Except I'm growing it vertically.
This is Cotoneaster horizontalis, planted by nature, not by me. She planted this one at the bottom of a rose arch, shortly after I had removed the old rose. These plants normally grow horizontally, hence the name, but if planted against a wall or arch, they will grow upwards. I first became aware of this plant's versatility several years ago, when I discovered it planted in the car park of a shopping centre. It was planted between the car parking bays, and was regularly clipped. This made the shrubs quite dense, much to the delight of several dunnocks who had made their home there.
My plant isn't dense enough for any nests yet, but in the autumn it is regularly visited by blackbirds who adore the berries. And at this time of year, it really is a bee magnet. Oh, and it attracts other pollinators too like this one:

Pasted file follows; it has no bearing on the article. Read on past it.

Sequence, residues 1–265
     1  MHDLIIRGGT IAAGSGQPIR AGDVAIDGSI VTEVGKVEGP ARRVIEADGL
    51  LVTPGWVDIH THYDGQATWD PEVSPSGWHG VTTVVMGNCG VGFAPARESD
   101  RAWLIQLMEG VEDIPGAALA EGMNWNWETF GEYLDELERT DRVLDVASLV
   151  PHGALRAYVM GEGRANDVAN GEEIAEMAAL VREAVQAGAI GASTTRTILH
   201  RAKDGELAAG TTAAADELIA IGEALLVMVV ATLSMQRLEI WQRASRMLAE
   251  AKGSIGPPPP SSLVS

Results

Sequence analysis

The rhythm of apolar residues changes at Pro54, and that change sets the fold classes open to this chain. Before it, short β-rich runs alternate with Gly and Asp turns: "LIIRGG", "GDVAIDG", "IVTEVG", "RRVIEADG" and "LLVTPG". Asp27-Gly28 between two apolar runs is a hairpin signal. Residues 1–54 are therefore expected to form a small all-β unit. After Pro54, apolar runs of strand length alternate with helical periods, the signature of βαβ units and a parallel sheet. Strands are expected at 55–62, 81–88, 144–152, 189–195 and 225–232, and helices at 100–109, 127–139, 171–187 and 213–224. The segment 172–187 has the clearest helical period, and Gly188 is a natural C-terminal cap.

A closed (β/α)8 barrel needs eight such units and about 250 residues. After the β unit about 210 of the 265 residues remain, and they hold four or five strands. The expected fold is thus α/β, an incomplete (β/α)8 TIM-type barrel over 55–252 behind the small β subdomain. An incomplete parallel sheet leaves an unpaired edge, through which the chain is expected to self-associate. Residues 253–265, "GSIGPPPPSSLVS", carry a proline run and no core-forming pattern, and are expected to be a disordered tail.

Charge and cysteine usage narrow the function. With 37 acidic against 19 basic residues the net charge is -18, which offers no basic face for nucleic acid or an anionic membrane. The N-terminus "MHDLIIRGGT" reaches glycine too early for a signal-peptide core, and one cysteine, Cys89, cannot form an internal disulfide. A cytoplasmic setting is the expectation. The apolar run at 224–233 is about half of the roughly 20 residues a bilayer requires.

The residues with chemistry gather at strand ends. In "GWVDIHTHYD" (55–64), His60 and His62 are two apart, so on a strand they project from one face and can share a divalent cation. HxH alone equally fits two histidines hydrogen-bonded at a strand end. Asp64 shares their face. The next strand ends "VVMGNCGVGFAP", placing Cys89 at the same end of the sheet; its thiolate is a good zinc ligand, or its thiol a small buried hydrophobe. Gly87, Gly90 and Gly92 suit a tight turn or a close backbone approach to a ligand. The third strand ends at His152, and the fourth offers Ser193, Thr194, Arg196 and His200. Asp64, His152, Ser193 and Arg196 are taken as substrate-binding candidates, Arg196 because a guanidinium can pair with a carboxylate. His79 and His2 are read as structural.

Are you impressed ? This is the first time I've ever had a holly blue stay still long enough to have its photo taken. Actually, I think it was drunk, it stayed there quite a while before it flew off. And others have been feeding in the garden too:
Look at the expression on the young blackbird's face. It's as if he's saying to his dad, 'what sort of food do you call this ?' Never satisfied, these young uns.
By the way, it's recently been announced that putting up bird feeders acts as good pest control. Scientists have carried out experiments that show that gardens with bird feeders have better pest control than those without. Apparently, whilst the birds are waiting to use the feeders, they will eat the pests on your plants. It's a bit like putting sweets near the checkouts at the supermarkets. Except these 'sweets' are good for the birds. Mind you, I don't think putting broccoli spears near the supermarket checkout would have the same effect as sweets, do you ?